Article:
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Indonesia Attaché Office Sees Larger Soy Imports Feeding Growing Domestic Consumption

Indonesia’s U.S. Department of Agriculture’s (USDA) attaché office in Jakarta issued its Oilseeds and Products Update January 2019 in mid-February. In the report, the office outlined the current fundamental outlook for the country’s palm oil and soy/soy products markets. According to the office, total domestic consumption is expected to fall just shy of USDA’s official estimate at 3.07 million tonnes. In its February update, USDA projected that 3.240 million tonnes of soybeans would be consumed domestically. Despite the minor difference between the attaché office and numbers out of Washington, the bottom line is that declining domestic production is expected to result in a greater need for soybean imports.

The chart that follows shows USDA’s historical estimates of Indonesian soy harvested and production since the 2000/2001 marketing year. Over the period, Indonesia’s soybean output has dropped nearly in half from 1,020 thousand tonnes in 2000/2001 to a current estimate for the 2018/2019 marketing year of just 520 thousand tonnes. This has come as harvested acreage has been cut in half from 825 thousand hectares in 2000/2001 to just 410 thousand in 2018/2019. According to the attaché office’s Oilseed and Products Annual Report 2016, the archipelago nation has been unable to bolster soybean plantings in recent years as farmers have experienced low yields and reduced profitability when compared to other crops such as corn or rice.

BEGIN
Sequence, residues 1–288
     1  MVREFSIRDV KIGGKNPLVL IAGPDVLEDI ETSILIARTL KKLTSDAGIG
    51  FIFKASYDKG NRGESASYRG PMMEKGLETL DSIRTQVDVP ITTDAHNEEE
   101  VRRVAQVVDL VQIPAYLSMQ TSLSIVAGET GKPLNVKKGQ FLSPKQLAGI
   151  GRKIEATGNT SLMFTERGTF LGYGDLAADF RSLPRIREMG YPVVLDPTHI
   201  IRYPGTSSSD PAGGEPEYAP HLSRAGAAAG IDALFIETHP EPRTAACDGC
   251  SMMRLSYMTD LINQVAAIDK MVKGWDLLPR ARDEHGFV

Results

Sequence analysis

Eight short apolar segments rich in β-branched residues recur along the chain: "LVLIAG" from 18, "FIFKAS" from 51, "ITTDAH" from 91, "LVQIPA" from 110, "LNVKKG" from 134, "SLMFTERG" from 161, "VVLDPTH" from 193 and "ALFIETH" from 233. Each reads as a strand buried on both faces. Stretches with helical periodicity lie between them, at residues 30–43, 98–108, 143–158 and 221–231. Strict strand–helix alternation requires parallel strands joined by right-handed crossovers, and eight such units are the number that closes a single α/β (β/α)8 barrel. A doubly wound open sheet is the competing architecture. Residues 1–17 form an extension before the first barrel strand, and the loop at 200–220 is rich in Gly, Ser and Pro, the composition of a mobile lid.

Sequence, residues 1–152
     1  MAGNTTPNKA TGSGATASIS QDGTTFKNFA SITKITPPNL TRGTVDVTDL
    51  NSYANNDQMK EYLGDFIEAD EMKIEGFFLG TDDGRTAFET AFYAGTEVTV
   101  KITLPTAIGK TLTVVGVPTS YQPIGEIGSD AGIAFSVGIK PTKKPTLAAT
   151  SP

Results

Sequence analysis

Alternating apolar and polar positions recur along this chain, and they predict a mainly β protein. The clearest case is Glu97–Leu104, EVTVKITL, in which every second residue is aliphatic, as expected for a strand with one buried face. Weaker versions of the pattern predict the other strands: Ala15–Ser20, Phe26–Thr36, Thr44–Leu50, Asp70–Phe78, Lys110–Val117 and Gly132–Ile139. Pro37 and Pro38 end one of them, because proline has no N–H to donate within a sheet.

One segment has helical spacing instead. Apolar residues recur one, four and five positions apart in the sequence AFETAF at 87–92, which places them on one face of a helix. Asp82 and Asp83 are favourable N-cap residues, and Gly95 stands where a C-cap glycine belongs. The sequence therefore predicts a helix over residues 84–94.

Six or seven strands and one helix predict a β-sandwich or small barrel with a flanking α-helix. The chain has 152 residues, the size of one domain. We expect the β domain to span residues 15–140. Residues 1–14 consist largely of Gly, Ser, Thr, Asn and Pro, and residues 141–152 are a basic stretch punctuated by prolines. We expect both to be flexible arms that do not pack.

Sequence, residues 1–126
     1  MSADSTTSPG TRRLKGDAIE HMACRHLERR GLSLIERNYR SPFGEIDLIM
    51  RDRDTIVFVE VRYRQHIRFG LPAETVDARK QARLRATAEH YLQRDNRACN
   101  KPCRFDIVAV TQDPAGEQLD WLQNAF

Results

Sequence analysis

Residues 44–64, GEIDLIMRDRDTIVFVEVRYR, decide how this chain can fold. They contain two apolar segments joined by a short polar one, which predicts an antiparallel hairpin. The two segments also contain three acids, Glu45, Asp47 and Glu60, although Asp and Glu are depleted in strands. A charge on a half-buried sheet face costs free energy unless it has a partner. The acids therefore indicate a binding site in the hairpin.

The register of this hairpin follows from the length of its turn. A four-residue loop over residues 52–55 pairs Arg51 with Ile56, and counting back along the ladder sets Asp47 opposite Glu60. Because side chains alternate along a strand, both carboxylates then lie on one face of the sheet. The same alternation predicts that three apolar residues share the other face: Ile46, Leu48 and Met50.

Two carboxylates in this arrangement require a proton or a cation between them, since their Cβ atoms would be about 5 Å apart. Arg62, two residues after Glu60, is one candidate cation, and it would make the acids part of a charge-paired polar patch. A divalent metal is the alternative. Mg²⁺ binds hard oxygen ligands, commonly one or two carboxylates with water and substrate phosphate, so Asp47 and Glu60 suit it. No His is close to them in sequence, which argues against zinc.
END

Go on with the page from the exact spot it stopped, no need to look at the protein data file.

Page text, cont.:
According the USDA attaché office, however, in early January 2019, a senior official from the Ministry of Agriculture (MOA) discussed with local media the possibility that soybean importers must plant and/or procure local soybeans in order to receive import licenses. A similar program currently exists whereby garlic importers are required to produce 5 percent of their requested import volumes domestically, but there does not appear to have been any further details released as of this writing.

According to the 2016 attaché report, Indonesia’s demand for soybeans is dominated by human consumption, and not feed for livestock. Consumers have developed a preference for U.S. soybeans due to, among other characteristics, their uniform size, color, and suitability in tempeh and tofu manufacturing. Indonesia’s soybean imports have been on a mostly steady upward trajectory since 2011/2012, going from 1.127 million tonnes to a projection of 2.725 million tonnes in 2018/2019. Domestic consumption has risen over the period, despite rising incomes from a growing middle class. The chart that follow shows a near 1:1 correlation between Indonesian domestic consumption and required soybean imports. Ample U.S. soybean supplies and cheapening ocean freight costs are expected to keep the U.S. competitive into Indonesia despite the approach of new-crop South American soybeans.

Rob Hatchett
Rob Hatchett

Senior Economist

Farm Journal Media